This post was originally published on Forbes Oct 2, 2015
Presidential candidate Senator Rand Paul and other opponents of enforcement of the Foreign Account Tax Compliance Act (FATCA) suffered a setback this week in United States District Court as Judge Thomas Rose refused to grant preliminary injunctive relief on a number of claims in Crawford et al v United States.
First, plaintiffs must have suffered an injury in fact—an invasion of a legally protected interest which is (a) concrete and particularized and (b) actual or imminent, not conjectural or hypothetical. Second, there must be a causal connection between the injury and the conduct complained of—the injury has to be fairly traceable to the challenged action of the defendant, and not the result of the independent action of some third party not before the court. Third, it must be likely, as opposed to merely speculative, that the injury will be redressed by favorable decision.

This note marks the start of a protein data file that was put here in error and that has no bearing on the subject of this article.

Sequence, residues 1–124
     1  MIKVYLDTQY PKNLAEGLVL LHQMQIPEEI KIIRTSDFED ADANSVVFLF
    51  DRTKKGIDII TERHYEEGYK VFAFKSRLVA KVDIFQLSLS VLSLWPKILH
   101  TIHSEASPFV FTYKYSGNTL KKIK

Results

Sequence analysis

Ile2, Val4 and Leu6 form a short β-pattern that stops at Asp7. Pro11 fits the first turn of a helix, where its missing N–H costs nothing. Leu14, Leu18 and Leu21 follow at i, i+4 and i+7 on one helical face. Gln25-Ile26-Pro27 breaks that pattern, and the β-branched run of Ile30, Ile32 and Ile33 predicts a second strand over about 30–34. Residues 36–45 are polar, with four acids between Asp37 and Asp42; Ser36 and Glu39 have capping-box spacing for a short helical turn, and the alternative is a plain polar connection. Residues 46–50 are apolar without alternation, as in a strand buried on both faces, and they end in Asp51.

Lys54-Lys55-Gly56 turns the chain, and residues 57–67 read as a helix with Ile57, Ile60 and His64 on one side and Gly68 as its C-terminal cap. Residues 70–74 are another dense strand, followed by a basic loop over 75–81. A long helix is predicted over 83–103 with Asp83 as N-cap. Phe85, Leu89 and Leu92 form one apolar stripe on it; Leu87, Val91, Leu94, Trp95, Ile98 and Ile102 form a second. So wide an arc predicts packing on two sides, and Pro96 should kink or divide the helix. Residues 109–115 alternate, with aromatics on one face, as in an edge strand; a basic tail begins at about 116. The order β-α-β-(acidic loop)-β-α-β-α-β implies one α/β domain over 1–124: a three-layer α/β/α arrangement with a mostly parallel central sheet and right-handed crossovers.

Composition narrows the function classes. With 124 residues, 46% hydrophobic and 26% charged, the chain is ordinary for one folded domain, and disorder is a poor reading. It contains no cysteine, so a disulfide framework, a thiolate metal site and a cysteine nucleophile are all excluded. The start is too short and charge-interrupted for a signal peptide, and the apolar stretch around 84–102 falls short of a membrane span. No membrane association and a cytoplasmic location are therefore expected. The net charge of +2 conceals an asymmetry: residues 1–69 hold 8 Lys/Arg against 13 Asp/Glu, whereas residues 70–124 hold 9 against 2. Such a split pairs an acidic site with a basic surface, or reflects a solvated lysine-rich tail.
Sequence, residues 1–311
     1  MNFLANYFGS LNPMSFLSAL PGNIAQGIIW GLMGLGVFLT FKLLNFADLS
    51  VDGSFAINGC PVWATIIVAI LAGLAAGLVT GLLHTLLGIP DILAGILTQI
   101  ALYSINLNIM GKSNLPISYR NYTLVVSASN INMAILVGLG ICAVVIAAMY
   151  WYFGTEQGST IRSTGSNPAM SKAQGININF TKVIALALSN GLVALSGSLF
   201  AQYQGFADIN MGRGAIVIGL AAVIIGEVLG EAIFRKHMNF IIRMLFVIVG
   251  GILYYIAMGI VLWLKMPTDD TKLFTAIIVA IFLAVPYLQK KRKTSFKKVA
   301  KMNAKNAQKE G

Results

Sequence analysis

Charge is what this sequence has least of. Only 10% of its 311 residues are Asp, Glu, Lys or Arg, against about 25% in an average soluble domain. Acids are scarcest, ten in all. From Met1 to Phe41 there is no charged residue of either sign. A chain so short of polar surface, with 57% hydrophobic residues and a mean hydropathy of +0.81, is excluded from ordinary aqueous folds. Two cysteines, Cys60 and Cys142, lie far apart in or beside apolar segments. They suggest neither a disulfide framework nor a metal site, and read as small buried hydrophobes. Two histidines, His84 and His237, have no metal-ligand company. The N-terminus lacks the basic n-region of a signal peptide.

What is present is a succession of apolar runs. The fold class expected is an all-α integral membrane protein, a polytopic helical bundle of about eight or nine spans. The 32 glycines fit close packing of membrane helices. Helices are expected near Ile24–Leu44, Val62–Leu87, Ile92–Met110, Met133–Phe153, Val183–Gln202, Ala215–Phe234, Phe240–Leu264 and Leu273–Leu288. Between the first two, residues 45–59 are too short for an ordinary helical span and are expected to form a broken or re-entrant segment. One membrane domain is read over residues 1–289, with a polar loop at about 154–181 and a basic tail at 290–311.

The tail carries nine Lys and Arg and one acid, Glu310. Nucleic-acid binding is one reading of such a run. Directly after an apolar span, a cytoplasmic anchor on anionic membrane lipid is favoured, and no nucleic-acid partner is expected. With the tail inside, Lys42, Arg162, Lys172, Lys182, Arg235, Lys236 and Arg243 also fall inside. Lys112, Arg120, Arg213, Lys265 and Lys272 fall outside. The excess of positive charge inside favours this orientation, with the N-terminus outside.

They lack standing, as the harms they allege are remote and speculative harms, most of which would be caused by third parties, illusory, or self-inflicted. Plaintiffs' allegations also fail as a matter of law, as there is no constitutionally recognized right to privacy of bank records.
In sum, Paul has alleged no injury to himself as an individual, the institutional injury he alleges is wholly abstract and widely dispersed, and his attempt to litigate this dispute at this time and in this form is contrary to historical experience.
The case is not particularly noteworthy from a legal perspective. It just denied a preliminary injunction. The likelihood of getting any ultimate relief in the case, preliminary or otherwise, is minimal. (The pursuit of the case is more a way to make a statement and perhaps encourage those who can be encouraged by such futile statements to make contributions
Rand Paul's appearance in this futile case is just another instance of congressmen posturing for their base rather than really trying to solve problems.